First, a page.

Oily Hand August 2016
Monday was raining, Tuesday the same and Wednesday was worse than both put together! Thursday wasn’t raining and so I packed the car and set off for Cowra, the forecast wasn’t good but this was the Oily Hand weekend and not to be missed. Four and a half hours later the weather had improved (despite the forecast) and I checked into the Cowra Hotel – no stars on this one but all I needed was a bed and access to a shower and toilet and you can’t complain at $30 per night!
The next morning there was a thick layer of ice on the windscreen (thank goodness for the Amex card – don’t leave home without it) and once cleaned off it was time to head for the field and check in. The sky was blue, there was no wind worth talking about – things were looking up. The usual paddock had been planted with canola so there was only a control line (C/L) space available, free flight and small radio was to take place on the next huge paddock planted with Lucerne but we could walk over it.
OH is aimed at diesel and small R/C with some low key competitions. There is always a “Model of the Meet” and for this, the 10th year it was the Apex designed in 1958. This is mine complete with a 1962 ED Cadet which has almost enough power to strip a rice pudding of its skin …….. but not quite. It flies well, I test flew it at our field with the help of Dave Pound and managed 2 circuits before meeting a tree! Yes, that’s Stan Begg alongside me with his Javelin, a model designed in with a rapid climb rate pow ered by a Taipan 2.5 and a very impressive glide (one flight he timed at 14 minutes from a 20sec engine run).
Saturday morning was just as cold but soon warmed up to T shirt temp after flying started at 7.00am with egg and bacon cooked at the field! We had the Concours event for the Apex where 21 had been entered – mine came 3rd, I was well pleased.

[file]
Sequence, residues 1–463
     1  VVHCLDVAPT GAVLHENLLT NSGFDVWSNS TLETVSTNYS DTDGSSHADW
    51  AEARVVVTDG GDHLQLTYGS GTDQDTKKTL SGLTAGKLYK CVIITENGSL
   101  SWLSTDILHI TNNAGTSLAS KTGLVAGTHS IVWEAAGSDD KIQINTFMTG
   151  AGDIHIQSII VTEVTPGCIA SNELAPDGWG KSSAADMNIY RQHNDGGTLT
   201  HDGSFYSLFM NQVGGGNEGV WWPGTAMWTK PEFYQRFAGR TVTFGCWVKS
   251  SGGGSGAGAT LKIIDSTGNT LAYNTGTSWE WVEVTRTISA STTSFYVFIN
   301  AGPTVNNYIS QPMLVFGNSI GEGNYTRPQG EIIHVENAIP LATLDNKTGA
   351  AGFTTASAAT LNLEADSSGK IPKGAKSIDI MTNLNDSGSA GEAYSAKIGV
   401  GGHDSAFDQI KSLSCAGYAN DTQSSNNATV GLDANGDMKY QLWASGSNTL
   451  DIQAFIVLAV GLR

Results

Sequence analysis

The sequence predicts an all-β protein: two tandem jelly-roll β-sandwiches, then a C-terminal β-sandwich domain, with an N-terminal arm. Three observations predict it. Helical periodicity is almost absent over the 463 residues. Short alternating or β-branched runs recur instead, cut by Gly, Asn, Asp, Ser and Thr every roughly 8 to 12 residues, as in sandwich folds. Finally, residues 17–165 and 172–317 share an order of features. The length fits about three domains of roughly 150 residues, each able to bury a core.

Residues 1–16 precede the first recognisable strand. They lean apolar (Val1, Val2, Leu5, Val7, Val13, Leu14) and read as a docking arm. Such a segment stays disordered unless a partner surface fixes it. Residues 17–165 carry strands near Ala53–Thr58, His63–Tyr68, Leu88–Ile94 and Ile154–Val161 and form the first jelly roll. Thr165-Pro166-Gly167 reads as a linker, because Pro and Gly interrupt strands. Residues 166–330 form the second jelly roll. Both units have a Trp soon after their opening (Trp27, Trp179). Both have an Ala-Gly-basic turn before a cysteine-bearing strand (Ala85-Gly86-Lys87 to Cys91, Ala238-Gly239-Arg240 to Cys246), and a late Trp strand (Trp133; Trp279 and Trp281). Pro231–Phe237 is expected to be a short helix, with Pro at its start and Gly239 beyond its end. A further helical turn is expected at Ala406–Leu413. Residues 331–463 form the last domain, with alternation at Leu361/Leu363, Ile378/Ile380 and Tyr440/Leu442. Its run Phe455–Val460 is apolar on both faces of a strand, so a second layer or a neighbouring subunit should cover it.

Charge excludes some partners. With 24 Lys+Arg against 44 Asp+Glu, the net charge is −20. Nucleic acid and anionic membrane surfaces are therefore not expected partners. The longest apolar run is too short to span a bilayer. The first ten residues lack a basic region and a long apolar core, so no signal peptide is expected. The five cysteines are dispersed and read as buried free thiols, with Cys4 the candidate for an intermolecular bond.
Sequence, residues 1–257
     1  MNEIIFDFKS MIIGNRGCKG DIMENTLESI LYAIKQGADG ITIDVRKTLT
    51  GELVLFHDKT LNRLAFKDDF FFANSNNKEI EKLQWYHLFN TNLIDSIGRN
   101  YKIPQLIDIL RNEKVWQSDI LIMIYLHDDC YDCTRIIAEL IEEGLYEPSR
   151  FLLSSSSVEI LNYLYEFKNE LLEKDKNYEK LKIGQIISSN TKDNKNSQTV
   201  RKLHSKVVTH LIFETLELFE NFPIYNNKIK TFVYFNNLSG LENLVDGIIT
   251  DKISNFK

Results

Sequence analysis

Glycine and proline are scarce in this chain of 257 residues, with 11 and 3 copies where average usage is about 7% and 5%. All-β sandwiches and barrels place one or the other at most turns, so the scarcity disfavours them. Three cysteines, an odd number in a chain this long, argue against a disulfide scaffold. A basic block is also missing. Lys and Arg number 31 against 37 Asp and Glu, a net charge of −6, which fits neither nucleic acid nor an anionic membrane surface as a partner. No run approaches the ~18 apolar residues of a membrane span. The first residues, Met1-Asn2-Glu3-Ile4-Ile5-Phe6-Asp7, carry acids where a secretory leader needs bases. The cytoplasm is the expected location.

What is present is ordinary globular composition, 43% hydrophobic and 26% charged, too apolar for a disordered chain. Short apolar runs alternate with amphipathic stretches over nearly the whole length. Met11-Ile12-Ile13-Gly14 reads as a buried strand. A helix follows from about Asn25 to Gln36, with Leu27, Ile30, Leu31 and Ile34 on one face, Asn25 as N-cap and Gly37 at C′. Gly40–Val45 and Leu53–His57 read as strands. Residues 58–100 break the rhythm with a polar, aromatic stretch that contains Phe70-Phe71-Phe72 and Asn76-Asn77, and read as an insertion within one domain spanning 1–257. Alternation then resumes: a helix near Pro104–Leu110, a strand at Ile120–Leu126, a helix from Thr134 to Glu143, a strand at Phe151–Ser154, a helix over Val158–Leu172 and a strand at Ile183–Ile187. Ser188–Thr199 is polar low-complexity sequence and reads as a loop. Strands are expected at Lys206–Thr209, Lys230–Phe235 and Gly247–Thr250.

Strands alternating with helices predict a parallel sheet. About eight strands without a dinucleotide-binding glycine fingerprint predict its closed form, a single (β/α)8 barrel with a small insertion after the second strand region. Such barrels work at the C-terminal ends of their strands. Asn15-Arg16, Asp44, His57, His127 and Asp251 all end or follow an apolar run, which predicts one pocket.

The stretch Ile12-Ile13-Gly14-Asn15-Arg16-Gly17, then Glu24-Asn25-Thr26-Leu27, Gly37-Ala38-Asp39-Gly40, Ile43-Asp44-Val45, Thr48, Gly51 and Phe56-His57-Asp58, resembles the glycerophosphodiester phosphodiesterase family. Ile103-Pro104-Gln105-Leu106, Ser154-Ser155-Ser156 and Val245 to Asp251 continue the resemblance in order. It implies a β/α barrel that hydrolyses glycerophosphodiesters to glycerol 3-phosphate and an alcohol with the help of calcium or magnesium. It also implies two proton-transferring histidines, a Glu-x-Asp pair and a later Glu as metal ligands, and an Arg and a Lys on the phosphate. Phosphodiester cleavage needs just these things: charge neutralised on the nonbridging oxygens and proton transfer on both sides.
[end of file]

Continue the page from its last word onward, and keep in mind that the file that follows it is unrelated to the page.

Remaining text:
This was followed by the PAA Load comp for the Apex where you load a bag of sand in it and still try to complete a 30 second flight. Mine managed about 100 grams, the winner carried 750 grams – about twice the weight of the plane – amazing!
This event was followed by a “SAMs Scramble”. Make as many flights as you can in 30 minutes (maximum duration 2 minutes) while taking off from your allocated place and retrieving it from the official landing area and returning to your starting point before re-starting and launching again. I flew my Tomboy with Mills .75 power while Stan acted as my time keeper. We got a total of 14 minutes, far below the winner with over 15.
In between the events there was heaps of general flying with people like Warren Brown and his collection of interesting craft. This is his profile DH twin (Yes! Twin .5cc diesel powered) that flew remarkably well.
I met Don Howie there who is well known in SAM circles as well as a friend of our old mate Peter Leaney now in Adelaide.
Stan and I did a lot of Tomboy flying, it is really a delightful design from the famous designer Vic Smeed. Here we are, mine is only 6 years old, Stans has a 65 year old Mills .75 in it and is at least 10 but he thinks it may be time to build another.
Sunday started at 8.00am again – it was cold – with a Catapult Glider Scramble. It goes TWANG, time it, retrieve and keep doing that for 30 minutes. Here are the intrepid entrants with their conventional planes except Sam (next to me in the striped shirt) who had a canard that was superbly trimmed. It spiralled vertically up from the launch before setting off on a typically 1 minute or more flight. My best was 14 seconds which explains why I came last.
This was followed by the inevitable Plank Racing which involves fly a set of C/L manoeuvres in the fastest time. I managed a DNF again (I really should practise more than once per year!) including some periods where I didn’t even know where the plane was! But it’s all good fun!
Lunchtime saw the presentation of various prizes and then the gradual movement of people towards home. Another great weekend over and a particularly good Oily Hand Day, if you have a small diesel build something and try it.